Tag Archives: appearance of impropriety

I’m as Ethical as Scalia is NOT a Persuasive Argument

A couple of days ago, the Sierra Club, Citizens Action Coalition, Spencer County Citizens for Quality of Life and Save the Valley [update: the organization was Valley Watch, not Save the Valley] filed a petition asking Indiana Supreme Court Justice Mark Massa to recuse himself from hearing a case that will determine the viability of the controversial Rockport coal gasification facility. (I’ve written before about this boondoggle, birthed by political insiders and totally contrary to the free market principles to which the Daniels Administration paid so much verbal homage.)

Not even 20 hours after the petition was filed, Massa issued a ruling denying it. Clearly, the ruling had been written well beforehand–the lawyers who crafted the brief could have saved their (written) breath.

The argument for recusal rested on the long and intimate relationship between Massa and Mark Lubbers, whose personal fortunes are closely tied to the results of the lawsuit, and upon Massa’s friendship with and service to then-governor Mitch Daniels, who rammed the deal through over the qualms of both Republican and Democratic legislators. As columnist Charles Pierce wrote yesterday in his Esquire blog,Massa couldn’t be more tied into the people who want to build the plant if he came to work every morning in one of those NASCAR firesuits festooned with logos.”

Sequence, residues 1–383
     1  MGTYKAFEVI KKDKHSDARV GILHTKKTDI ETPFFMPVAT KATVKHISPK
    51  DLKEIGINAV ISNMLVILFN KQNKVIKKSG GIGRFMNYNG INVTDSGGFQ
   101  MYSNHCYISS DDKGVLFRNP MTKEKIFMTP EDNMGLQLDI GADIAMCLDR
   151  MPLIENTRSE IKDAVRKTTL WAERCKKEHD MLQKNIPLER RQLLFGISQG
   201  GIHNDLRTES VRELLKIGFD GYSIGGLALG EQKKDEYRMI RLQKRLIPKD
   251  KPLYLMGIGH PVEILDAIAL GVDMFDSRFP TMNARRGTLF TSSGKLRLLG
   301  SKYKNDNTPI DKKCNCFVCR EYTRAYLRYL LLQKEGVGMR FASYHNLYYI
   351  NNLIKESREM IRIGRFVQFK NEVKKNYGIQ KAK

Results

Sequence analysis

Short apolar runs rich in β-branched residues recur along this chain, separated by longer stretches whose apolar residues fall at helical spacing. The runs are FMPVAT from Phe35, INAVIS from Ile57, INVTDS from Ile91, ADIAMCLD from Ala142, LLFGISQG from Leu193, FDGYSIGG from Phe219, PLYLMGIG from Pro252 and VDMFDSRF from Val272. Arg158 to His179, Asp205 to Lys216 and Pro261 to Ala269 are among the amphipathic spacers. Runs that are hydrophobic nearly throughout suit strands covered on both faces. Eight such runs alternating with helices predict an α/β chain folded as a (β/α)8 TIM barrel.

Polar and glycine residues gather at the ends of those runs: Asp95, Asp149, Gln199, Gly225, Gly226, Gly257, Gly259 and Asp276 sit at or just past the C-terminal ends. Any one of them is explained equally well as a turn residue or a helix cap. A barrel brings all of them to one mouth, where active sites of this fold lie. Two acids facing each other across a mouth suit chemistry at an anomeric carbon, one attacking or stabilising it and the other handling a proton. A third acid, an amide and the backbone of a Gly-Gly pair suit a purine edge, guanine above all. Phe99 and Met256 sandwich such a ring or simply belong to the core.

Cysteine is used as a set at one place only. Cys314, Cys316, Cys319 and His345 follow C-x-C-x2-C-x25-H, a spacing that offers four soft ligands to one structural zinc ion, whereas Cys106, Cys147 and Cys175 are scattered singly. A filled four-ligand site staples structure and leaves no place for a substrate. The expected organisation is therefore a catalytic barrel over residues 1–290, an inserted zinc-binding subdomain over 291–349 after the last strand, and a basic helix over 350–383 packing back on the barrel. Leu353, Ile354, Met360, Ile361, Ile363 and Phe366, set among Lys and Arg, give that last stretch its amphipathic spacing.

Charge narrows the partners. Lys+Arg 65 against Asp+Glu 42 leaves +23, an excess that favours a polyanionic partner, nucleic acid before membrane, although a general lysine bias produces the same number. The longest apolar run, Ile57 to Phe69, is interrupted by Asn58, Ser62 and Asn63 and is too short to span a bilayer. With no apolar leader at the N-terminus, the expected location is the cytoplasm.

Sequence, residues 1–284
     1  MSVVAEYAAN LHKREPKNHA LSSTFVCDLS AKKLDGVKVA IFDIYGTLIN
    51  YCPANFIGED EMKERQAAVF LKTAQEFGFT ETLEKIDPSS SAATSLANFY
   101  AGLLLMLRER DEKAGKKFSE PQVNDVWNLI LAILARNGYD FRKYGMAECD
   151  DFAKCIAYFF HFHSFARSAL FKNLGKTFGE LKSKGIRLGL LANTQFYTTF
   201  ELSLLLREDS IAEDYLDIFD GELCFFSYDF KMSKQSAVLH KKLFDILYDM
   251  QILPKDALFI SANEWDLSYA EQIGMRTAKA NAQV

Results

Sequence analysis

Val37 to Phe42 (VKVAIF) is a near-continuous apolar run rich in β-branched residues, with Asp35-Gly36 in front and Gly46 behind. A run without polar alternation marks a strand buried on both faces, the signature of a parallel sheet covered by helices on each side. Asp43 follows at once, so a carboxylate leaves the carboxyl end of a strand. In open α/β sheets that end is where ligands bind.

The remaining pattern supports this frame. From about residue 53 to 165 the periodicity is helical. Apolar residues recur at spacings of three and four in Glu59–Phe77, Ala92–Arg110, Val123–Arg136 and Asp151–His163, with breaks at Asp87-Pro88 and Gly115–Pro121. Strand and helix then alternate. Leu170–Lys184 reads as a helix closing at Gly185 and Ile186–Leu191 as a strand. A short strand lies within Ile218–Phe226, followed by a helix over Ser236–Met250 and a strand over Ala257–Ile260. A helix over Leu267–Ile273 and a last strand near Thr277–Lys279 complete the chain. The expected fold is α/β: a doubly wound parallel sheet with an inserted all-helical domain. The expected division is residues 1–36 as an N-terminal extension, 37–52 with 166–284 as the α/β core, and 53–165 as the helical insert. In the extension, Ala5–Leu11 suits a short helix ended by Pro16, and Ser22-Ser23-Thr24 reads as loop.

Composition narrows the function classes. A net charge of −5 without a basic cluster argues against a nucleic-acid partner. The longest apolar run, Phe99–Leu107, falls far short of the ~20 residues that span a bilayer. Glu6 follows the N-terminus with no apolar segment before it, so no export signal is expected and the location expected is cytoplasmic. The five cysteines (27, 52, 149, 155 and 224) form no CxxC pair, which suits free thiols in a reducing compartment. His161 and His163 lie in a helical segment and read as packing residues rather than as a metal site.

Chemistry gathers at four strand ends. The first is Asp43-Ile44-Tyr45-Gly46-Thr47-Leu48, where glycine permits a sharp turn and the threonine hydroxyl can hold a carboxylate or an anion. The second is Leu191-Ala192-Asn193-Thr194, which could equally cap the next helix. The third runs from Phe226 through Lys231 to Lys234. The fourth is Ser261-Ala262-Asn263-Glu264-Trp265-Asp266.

Massa’s ruling relied heavily on Cheney v. United States District Court, the infamous case in which Justice Scalia refused to recuse himself from a pending case despite the fact that he had gone duck hunting with the Vice-President–a named party— while the case was pending. Massa neglected to note that the Indiana Supreme Court, unlike the US Supreme Court, is governed by one of those pesky codes of ethics. (Can we spell “appearance of impropriety”?)

At least he didn’t defend himself by pointing out that Clarence Thomas sits on cases in which his wife has an interest, while he and Lubbers are just best buds. (Actually, relying on Scalia or Thomas for ethical guidance makes me think of that old adage about fish rotting from the head. But I digress.)

In a particularly disingenuous passage, Judge Massa wrote: